The white European man walked up to me and told me that since I had gained a university education, I would be enfranchised.
“Now step off your blanket,” he said.
In the Kairos blanket exercise, an array of blankets spread across the floor are used to signify the land of Turtle Island (aka North America). Participants, taking on roles as Indigenous persons, walk their way through 500 years of history. As blankets are folded up and participants separated from each other, this signifies the removal of land and the placement of Indigenous peoples on scattered, segregated and suppressed reserves.
Under the federal government’s enfranchisement policy, all First Nations people who became teachers, doctors, lawyers or soldiers were rewarded with full colonial citizenship.
It sure didn’t feel like a reward. Rather, I was being kicked off the last little bit of land that I had left and separated from my people who remained on the blanket. I was enfranchised, but in the process, I was being stripped of my legal Indian status and much of my identity as an aboriginal person.
The Kairos blanket exercise is a profound and moving experience. I had heard many great things about it, but only recently — at the Calgary Beginning Teachers’ Conference — had the opportunity to participate. Wow!
While I have come to learn of many of the injustices put upon our Indigenous peoples through 500 years of colonization, I had never had a full appreciation for the accumulative weight of these actions until participating in this great experiential learning activity.
And yet, at the same time, there was a great deal of new learning too.
The calls to action of the Truth and Reconciliation Commission (TRC) are spurring a national awakening to the troubling residential school experience and that is spurring the spread of this important learning through programs like our Walking Together project. But there is still much work to do.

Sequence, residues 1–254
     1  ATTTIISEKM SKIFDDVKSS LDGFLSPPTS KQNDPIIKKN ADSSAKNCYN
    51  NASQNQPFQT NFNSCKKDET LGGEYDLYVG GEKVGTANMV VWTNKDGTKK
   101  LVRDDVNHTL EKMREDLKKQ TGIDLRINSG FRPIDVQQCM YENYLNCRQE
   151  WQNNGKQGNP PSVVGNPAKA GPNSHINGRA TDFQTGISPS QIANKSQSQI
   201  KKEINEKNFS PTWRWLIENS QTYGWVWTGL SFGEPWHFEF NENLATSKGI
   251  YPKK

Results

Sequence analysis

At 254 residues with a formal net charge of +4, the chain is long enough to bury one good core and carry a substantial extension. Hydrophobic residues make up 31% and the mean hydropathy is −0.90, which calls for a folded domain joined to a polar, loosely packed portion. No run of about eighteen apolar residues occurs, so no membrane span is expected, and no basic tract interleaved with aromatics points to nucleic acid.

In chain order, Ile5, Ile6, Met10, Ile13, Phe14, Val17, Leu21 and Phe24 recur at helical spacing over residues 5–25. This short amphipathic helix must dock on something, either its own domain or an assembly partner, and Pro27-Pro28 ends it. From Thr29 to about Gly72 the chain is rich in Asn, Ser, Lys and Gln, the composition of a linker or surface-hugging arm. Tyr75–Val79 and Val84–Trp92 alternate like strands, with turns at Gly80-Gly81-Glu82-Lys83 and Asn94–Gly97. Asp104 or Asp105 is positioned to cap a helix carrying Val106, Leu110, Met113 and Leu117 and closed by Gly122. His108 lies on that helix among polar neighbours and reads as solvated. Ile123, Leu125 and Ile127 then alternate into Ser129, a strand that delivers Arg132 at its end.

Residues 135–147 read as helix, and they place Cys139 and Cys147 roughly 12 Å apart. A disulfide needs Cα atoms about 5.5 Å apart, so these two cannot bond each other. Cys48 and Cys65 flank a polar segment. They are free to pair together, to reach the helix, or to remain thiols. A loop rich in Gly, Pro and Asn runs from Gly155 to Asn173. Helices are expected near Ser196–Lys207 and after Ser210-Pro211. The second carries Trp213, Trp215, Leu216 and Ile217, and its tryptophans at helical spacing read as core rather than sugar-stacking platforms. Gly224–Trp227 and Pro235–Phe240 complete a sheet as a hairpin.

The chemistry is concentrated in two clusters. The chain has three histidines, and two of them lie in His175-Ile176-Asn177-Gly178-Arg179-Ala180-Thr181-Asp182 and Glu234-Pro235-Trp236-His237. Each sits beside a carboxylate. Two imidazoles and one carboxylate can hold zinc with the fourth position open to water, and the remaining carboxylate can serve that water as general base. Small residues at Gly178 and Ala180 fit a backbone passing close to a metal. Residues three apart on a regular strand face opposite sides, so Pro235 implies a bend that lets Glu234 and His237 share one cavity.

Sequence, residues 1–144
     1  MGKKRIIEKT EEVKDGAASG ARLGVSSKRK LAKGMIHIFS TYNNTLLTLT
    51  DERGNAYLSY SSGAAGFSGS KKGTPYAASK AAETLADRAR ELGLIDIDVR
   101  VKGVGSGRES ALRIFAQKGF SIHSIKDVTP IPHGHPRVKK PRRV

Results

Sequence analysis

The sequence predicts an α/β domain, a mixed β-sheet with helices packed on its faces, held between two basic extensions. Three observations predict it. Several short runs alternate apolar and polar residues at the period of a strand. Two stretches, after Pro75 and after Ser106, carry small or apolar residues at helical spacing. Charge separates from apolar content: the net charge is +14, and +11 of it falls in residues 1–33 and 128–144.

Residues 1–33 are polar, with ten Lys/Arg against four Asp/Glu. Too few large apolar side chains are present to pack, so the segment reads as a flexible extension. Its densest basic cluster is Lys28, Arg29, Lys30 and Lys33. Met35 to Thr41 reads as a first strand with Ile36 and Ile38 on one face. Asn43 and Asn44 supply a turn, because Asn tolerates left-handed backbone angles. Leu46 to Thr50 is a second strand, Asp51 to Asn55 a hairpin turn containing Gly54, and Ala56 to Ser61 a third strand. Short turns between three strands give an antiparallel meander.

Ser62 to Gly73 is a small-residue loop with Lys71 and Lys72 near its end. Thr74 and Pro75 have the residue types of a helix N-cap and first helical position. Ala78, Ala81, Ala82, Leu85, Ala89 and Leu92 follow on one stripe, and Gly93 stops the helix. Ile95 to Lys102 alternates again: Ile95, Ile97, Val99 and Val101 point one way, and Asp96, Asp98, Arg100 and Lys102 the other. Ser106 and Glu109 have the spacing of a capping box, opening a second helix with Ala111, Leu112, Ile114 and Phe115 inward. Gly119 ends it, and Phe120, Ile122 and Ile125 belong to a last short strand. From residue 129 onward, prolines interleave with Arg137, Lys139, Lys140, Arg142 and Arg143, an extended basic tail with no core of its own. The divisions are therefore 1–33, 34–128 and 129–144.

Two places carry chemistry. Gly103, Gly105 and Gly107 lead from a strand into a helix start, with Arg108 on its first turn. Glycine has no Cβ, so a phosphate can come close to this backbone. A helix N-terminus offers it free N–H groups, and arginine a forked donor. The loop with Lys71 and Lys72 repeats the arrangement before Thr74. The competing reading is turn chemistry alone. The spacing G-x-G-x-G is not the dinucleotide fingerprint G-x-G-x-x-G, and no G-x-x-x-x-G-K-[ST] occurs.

Unfortunately, as I read social media commentary on news stories or listen to talk radio call-in shows, it is absolutely clear that Canada’s roots of racism against Indigenous people are dug in deep. As Canadians, we all have a journey of reconciliation to complete and I, like most other white Canadians, am still ashamedly working through some deeply engrained stereotypes. But education and learning are an important part of that.
The awareness will begin with our profession as we work to inform and educate children about this history, but I am also hopeful that the education and awareness can extend to the generations of adult Canadians who will not get them through schools. I wish every Canadian could experience the blanket exercise.
Unfortunately, despite the recommendations of the TRC, there is still some resistance to the history of colonization being included in new curriculum. Some — including a few very influential people — believe that education about colonization is a sign of problematic “social engineering” being embedded into the curriculum by the NDP government.
It’s ridiculous. You know what was social engineering? Residential schools. You know what else was social engineering? A system designed to keep young Albertans, like me, from learning about residential schools. I didn’t really know about them until I was well into my 20s — and already practising as a teacher.
Nevertheless, this causes me to reflect. Some of my colleagues in the Professional Development program area point out to me that education is social engineering. Curriculum is social engineering.
Through public education, society is instilling into its young people a set of common knowledge and skills, but it is also sharing the values that are common to the society.
I will not apologize for thinking that those values should include respect for diversity and support for an inclusive and cohesive society, and that they should be informed by an understanding of how Canada’s colonial past has worked against the same values.
If this is social engineering, so be it.
On a side note, I am very saddened by the recent passing of one of my favourite musicians, the Tragically Hip’s Gord Downie. His songs taught us about important moments in Canadian history and geography. I am grateful that he shared his music with us and also grateful that he chose to use his spotlight to shine some light on issues facing Canada’s Indigenous people. ❚
I welcome your comments — contact me at firstname.lastname@example.org.